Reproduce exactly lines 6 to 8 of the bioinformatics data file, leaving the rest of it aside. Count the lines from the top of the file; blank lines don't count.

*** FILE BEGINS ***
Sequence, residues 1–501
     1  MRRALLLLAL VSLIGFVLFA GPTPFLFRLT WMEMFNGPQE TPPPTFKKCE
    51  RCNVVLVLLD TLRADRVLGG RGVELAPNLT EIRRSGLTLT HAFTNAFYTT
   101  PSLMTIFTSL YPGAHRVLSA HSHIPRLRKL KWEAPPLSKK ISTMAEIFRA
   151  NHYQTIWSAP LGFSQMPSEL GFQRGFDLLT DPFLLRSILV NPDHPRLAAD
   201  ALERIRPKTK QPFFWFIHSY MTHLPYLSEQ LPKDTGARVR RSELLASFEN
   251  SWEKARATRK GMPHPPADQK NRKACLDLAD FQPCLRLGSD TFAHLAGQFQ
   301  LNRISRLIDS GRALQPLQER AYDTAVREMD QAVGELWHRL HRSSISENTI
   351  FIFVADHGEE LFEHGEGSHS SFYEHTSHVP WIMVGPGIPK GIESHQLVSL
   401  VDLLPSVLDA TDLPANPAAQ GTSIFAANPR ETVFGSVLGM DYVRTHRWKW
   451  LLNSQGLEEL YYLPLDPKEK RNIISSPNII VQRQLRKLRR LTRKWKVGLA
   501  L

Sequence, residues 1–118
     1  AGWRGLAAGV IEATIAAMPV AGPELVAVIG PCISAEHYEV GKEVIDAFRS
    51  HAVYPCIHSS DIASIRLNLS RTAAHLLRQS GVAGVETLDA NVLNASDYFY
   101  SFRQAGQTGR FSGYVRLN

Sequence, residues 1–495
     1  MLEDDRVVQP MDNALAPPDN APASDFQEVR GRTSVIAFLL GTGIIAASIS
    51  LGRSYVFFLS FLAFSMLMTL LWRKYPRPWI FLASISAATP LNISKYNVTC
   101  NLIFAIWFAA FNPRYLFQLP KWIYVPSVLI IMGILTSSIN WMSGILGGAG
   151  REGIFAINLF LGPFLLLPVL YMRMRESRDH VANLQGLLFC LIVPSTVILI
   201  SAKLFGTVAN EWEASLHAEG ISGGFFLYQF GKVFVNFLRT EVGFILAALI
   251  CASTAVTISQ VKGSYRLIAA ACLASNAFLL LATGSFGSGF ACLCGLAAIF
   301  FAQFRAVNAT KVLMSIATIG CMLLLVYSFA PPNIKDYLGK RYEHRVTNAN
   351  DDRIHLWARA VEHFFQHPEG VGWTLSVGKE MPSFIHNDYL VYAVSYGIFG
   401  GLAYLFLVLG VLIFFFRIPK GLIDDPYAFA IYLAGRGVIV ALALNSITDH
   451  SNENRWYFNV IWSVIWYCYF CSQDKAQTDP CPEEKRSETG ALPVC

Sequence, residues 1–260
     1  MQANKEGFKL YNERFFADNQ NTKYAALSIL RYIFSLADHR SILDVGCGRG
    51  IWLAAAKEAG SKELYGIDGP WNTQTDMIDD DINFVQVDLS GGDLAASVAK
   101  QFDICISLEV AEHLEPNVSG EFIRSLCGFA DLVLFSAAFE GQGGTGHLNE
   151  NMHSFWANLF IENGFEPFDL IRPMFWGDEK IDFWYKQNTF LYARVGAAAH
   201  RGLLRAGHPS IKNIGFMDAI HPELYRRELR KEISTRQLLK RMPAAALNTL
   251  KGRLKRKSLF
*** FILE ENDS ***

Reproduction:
   201  ALERIRPKTK QPFFWFIHSY MTHLPYLSEQ LPKDTGARVR RSELLASFEN
   251  SWEKARATRK GMPHPPADQK NRKACLDLAD FQPCLRLGSD TFAHLAGQFQ
   301  LNRISRLIDS GRALQPLQER AYDTAVREMD QAVGELWHRL HRSSISENTI